London Brewing Co-op bolstered by government bucks
The London Brewing Co-op has transformed from a nanobrewery to a microbrewery, with the help of a $92,600 grant from both the provincial and federal government.
The money comes from a $2.1-million investment into agriculture and agri-food projects across southwestern Ontario, announced Friday by London North Centre MPP Deb Matthews and London North Centre MP Peter Fragiskatos.
“In one year, we went from one barrel all the way up to 15 barrels,” said Jeff Pastorius, who describes himself as a worker-owner with the London Brewing Co-op.
That means instead of 117 litres of beer per brewing run, they’re up to making 1,800 litres.
The money started flowing into the co-op last year. Pastorius said they purchased the first chunk of equipment at the start of February 2017, and the government reimbursed part of the cost. The step-by-step process of buying and reimbursing continued until the end of the year, allowing the Co-op to boast four fermentors, one brite tank, a hot liquor tank, a cold liquor tank, a mash tun and a boil kettle.
“We had a commitment from Day 1 to use local and organic ingredients as much as possible,” said Pastorius.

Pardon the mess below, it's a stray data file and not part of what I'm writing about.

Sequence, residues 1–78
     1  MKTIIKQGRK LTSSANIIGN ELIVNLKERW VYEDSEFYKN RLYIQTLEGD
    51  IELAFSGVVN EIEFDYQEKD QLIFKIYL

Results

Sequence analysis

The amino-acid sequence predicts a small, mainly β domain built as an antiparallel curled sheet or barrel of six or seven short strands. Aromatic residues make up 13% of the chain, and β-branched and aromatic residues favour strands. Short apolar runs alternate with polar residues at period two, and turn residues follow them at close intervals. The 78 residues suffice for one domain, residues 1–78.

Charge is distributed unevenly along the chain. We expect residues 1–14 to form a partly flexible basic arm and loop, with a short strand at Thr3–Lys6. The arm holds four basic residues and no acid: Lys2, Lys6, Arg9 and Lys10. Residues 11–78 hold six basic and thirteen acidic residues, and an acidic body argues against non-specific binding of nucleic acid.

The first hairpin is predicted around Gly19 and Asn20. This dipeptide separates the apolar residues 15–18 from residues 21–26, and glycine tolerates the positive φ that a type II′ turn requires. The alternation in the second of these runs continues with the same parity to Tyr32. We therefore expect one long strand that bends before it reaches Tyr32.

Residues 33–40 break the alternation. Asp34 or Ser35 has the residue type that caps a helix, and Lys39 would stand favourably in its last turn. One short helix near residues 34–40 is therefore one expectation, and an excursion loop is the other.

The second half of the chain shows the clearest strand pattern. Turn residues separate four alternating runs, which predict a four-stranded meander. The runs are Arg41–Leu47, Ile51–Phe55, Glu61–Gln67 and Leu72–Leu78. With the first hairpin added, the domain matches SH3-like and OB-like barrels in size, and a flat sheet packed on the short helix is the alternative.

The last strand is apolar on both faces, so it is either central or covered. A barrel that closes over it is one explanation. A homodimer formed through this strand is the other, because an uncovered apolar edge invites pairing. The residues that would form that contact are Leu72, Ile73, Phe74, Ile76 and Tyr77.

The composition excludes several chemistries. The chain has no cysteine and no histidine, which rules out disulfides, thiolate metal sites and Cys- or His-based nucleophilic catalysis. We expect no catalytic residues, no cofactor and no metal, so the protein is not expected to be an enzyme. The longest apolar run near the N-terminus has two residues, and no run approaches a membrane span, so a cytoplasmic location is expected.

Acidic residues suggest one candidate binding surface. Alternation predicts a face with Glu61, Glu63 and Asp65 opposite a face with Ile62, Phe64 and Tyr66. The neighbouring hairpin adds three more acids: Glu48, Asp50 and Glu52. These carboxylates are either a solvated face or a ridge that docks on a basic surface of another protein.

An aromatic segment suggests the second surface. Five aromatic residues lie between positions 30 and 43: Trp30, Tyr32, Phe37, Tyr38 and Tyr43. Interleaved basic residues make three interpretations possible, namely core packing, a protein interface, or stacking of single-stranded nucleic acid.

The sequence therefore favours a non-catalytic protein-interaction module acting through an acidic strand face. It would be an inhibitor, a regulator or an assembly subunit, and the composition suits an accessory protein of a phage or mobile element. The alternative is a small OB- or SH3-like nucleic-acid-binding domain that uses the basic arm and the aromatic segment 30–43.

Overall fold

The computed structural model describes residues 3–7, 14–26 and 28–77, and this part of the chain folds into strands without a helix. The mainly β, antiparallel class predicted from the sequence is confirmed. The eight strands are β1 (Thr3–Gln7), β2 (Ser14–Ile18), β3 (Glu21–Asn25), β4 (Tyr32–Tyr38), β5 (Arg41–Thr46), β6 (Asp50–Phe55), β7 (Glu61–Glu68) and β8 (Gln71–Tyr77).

“Percentage-wise, we use the most local ingredients out of any brewery in the country … I think that got the [Growing Forward 2] fund’s attention, and they realized that if we got bigger — we’d use more local ingredients.”
Growing Forward 2 supported 33 projects in southwestern Ontario. In London, Black Fly Beverage Company received $250,000, Forked River Brewing Corporation received $108,000, The Original Cakerie received $100,000 and McCormick Canada received $100,000.
“What this announcement makes possible, is for over 30 businesses in the food processing and business sector to be given help that will allow them to increase productivity. Increased productivity means more jobs,” said Fragiskatos, who appeared on behalf of federal Minister of Agriculture and Agri-Food Lawrence MacAulay.
The investments went towards various equipment upgrades.
“Both of our governments understand how important the agri-food business is to our economy,” said Matthews.
“It’s particularly important to southwestern Ontario, [where] more than 800,000 jobs across the province are from the agri-food sector, and [it] contributes more than $37 billion to our economy.”
Matthews noted a challenge from Premier Kathleen Wynne to double the number of jobs in the agri-food sector by creating 120,000 jobs by 2020.
“I’m happy to say we’re well on our way to achieving that goal.”
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